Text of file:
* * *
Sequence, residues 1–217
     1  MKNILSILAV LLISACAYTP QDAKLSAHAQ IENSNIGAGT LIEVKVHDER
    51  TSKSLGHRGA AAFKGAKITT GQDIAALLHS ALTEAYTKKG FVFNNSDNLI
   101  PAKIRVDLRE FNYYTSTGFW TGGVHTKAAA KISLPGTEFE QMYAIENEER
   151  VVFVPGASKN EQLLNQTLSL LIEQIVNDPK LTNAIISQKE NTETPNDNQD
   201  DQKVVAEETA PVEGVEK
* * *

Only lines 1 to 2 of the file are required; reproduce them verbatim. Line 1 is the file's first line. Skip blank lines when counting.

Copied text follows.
Sequence, residues 1–217
     1  MKNILSILAV LLISACAYTP QDAKLSAHAQ IENSNIGAGT LIEVKVHDER